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UND graduate on point to distribute monoclonal antibodies for COVID-19

For the past two months, Dr. Joshua Ranum has worked with the North Dakota Department of Health to coordinate the distribution of Bamlanivimab and Casirivimab The work has paid off because the state now is one of the leaders in the United States in its administration, according to Ranum.

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Dr. Joshua Ranum

A monoclonal antibody that is proving to be effective for treating certain groups of people who have tested positive for COVID-19 or who show symptoms of the illness, is readily available in health care facilities across North Dakota, according to Dr. Joshua Ranum, an internist at West River Health Services in Hettinger.

The monoclonal antibodies, marketed under the names Bamlanivimab and Casirivimab, are used to treat COVID-19 in people aged 65 and those aged 12 and older who are not hospitalized, said Ranum, vice president of the North Dakota Medical Association and a 2008 graduate of the University of North Dakota School of Medicine and Health Sciences. Those two groups are given Bamlanivimab or Casirivimab, through an hour-long infusion therapy.

Insurance companies are covering the cost of the treatment, and, if people are not insured, that hasn’t been a barrier to treatment, Ranum said.

The monoclonal antibodies for treatment of COVID-19 were approved in November for people with risk factors for COVID-19, but not ill enough to be hospitalized. Health care facilities were so overwhelmed with treating people with severe COVID-19 cases that the monoclonal antibody treatment for milder cases “kind of landed with a thud,” Ranum said.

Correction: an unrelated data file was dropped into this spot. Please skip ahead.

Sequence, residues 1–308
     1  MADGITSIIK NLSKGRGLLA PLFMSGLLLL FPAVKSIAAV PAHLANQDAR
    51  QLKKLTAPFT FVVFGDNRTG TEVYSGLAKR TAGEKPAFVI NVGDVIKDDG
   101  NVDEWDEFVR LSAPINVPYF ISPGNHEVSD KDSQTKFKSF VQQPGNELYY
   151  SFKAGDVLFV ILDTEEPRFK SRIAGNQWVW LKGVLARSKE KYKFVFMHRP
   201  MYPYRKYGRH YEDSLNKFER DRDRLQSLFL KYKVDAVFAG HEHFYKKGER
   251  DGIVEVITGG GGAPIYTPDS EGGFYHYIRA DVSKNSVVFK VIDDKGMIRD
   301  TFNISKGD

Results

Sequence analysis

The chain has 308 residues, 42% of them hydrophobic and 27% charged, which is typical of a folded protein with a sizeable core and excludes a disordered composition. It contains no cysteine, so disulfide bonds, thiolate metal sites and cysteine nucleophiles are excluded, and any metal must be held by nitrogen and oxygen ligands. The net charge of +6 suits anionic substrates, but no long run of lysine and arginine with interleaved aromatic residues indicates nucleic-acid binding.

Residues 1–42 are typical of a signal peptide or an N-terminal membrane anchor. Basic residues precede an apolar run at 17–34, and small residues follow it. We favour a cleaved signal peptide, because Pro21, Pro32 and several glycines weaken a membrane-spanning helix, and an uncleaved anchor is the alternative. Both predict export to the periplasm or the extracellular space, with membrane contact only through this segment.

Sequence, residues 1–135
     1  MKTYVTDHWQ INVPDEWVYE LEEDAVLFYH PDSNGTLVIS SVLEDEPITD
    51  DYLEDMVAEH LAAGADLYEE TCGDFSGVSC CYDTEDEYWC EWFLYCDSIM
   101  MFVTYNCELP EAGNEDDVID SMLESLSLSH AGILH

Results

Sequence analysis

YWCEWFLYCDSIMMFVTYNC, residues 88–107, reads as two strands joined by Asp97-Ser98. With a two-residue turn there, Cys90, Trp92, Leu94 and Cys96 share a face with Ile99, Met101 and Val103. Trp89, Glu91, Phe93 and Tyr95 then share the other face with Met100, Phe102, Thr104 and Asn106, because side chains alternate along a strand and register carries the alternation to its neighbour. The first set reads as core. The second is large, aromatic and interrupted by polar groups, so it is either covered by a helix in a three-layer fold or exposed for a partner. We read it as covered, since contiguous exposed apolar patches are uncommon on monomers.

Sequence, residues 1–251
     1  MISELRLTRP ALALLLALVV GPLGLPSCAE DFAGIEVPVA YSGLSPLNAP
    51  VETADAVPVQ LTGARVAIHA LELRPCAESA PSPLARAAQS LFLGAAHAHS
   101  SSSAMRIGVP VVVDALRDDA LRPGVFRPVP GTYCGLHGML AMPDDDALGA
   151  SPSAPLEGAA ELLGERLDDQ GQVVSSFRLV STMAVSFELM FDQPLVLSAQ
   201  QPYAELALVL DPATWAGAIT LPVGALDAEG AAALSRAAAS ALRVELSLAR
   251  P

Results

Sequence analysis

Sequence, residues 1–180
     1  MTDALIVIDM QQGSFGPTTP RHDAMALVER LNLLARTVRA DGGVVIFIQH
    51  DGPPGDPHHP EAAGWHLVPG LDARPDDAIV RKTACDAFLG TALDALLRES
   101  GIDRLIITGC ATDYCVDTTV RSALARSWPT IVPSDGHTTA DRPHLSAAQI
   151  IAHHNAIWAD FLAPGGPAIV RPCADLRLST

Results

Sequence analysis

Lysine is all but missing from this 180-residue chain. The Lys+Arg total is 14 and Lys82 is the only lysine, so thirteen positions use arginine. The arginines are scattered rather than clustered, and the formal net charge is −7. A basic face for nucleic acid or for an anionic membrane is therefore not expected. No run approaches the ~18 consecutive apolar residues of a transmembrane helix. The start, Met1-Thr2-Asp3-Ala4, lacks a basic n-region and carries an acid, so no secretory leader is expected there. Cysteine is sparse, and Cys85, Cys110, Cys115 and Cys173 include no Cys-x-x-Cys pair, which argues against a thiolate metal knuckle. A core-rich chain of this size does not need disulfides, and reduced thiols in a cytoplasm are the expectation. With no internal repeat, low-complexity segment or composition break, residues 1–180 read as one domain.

“It arrived with little fanfare and little adoption,” he said. “This was a problem across the nation.”

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In December, North Dakota Gov. Doug Burgum and a North Dakota Health Department of Health team were analyzing COVID-19 treatments, including monoclonal antibodies and were impressed with what the data showed. The department then began distributing Bamlanivimab and Casirivimab to health care facilities across North Dakota.

“It’s been given all over the state,” Ranum said. “Every hospital in the state has been offered access.”

About 2,000 people in North Dakota who had mild to moderate COVID-19, most of them 65 and older, have received the monoclonal antibody treatment, Ranum said.

“As it’s come on, we’re now seeing a reduction in deaths and severe consequences from COVID-19. It’s a really powerful tool,” he said, noting that, because the monoclonal antibody treatments are given shortly after the onset of COVID-19, it decreases the viral load on the body, enabling it to heal more quickly.

"Patients typically begin feeling better 24 hours after they receive the antibody treatment,” Ranum said. “It is impressive how quickly people start to feel better. That’s been the surprising benefit of it.”

For the past two months, Ranum has worked with the North Dakota Department of Health to coordinate the distribution of Bamlanivimab and Casirivimab The work has paid off because the state now is one of the leaders in the United States in its administration.

Though Ranum knew that pandemics are part of human history, he, like others, was surprised when one hit. However, he is taking treating COVID-19 patients in stride.

“It’s part of taking what comes with the job, whether that’s a pandemic or a motor vehicle accident or any of the other things that come with being a physician,” Rnaum said.

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Ranum said he enjoys his work at West River Health Services and chose to move back to western North Dakota – he grew up in Scranton – because he likes the area . He also was impressed with his employer when he did a rotation there during medical school at UND.

“That cemented it,” he said.

Related Topics: CORONAVIRUS
Ann is a journalism veteran with nearly 40 years of reporting and editing experiences on a variety of topics including agriculture and business. Story ideas or questions can be sent to Ann by email at: abailey@agweek.com or phone at: 218-779-8093.
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